Under normal circumstances, nobody would quarrel with those sentiments. They underpin the values which brought the US into being in 1776 and they endorse a commonly held belief that it is wrong to allow oppression to flourish and right to seek relief for those who are the victims of persecution. Except, of course, these are not normal circumstances. Bush led his country, and encouraged Britain to follow, into an illegal war against Iraq and there is widespread global distrust about the US’s increasingly reckless unilateralist policies. If anyone thought that a less focused and more forgiving president would emerge from the inauguration, they will be disappointed.

Progressives absent from cable TV inaugural coverage

Media Matters for America inventoried all guests who appeared on FOX News, CNN, and MSNBC during the inauguration coverage. Republican and conservative guests and commentators outnumbered Democrats and progressives 19 to 7 on FOX, 10 to 1 on CNN, and 13 to 2 on MSNBC. Moreover, the rare Democrat or progressive guest usually appeared opposite conservatives, whereas most Republican and conservative guests and commentators appeared solo or alongside fellow conservatives.

Losing the War?

Knight-Ridder has done its own investigation of the US military operation in Iraq. Its conclusions:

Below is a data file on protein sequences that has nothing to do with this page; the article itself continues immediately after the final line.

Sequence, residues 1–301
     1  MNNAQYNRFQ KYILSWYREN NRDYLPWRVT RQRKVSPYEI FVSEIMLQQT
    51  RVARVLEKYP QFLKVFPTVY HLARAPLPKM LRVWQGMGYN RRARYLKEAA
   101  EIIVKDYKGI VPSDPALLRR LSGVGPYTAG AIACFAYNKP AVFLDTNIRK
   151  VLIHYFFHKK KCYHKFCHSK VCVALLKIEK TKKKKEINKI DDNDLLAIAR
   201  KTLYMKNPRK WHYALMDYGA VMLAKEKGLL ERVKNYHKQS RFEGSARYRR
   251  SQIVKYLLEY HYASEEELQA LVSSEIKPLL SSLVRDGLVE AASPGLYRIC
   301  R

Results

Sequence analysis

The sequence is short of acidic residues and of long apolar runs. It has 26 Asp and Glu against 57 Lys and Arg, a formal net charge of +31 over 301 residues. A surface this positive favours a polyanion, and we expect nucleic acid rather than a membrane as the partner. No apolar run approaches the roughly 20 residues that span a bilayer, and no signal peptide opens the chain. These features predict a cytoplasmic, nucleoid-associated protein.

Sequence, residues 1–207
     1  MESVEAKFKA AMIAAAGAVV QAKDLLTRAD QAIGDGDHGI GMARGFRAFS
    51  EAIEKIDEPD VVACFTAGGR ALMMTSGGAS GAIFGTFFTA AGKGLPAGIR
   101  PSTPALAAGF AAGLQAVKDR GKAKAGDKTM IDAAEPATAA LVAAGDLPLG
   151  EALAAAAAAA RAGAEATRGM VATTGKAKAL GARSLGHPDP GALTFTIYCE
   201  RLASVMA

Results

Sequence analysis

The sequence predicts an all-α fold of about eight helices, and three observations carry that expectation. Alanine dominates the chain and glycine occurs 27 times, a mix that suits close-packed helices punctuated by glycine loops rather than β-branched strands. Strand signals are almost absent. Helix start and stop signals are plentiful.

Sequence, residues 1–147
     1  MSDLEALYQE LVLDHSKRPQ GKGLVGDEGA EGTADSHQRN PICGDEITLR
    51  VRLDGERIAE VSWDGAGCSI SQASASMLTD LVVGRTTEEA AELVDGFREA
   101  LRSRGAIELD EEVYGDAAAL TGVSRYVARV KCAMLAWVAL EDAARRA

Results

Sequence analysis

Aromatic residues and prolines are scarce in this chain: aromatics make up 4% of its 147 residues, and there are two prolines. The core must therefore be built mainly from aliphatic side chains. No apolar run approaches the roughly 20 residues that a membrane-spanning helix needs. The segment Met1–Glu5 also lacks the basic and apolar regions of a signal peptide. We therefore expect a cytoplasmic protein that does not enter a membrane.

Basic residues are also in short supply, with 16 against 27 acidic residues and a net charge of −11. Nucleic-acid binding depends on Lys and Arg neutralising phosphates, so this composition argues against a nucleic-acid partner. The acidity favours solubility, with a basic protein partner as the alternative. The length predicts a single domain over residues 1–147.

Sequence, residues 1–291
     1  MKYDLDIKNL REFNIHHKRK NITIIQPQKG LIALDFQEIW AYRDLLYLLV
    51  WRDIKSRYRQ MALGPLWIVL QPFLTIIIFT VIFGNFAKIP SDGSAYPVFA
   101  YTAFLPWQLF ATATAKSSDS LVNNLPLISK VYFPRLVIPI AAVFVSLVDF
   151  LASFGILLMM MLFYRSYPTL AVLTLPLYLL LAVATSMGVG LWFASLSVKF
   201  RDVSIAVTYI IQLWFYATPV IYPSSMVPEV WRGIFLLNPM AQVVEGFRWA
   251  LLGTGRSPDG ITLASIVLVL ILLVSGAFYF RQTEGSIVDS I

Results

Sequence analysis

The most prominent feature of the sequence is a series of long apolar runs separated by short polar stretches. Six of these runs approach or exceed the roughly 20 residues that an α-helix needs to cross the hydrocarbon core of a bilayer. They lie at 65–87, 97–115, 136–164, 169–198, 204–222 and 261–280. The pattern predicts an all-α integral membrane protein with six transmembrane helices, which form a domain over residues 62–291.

The United States is steadily losing ground to the Iraqi insurgency, according to every key military yardstick. Its analysis of U.S. government statistics shows that through all the major turning points that raised hopes of peace in Iraq, including the arrest of Saddam Hussein and the handover of sovereignty at the end of June, the insurgency, led mainly by Sunni Muslims, has become deadlier and more effective. The analysis suggests that unless something dramatic changes - such as a newfound will by Iraqis to reject the insurgency or a large escalation of U.S. troop strength - the United States won't win the war. It's axiomatic among military thinkers that insurgencies are especially hard to defeat because the insurgents' goal isn't to win in a conventional sense but merely to survive until the will of the occupying power is sapped. Recent polls already suggest an erosion of support among Americans for the war.
The unfavorable trends of the war are clear, including sharp increases in US military fatalities/casualties, attacks on the coalition forces, mass-casualty bombings, and sabotage of electricity and oil production. Most worrisome, the insurgency is getting larger. Gen. Mohammed Abdullah Shahwani, the director of the Iraqi intelligence service, said there are 200,000 insurgents, including at least 40,000 hard-core fighters. The rest, he said, are part-time fighters and supporters who provide food, shelter, funds and intelligence.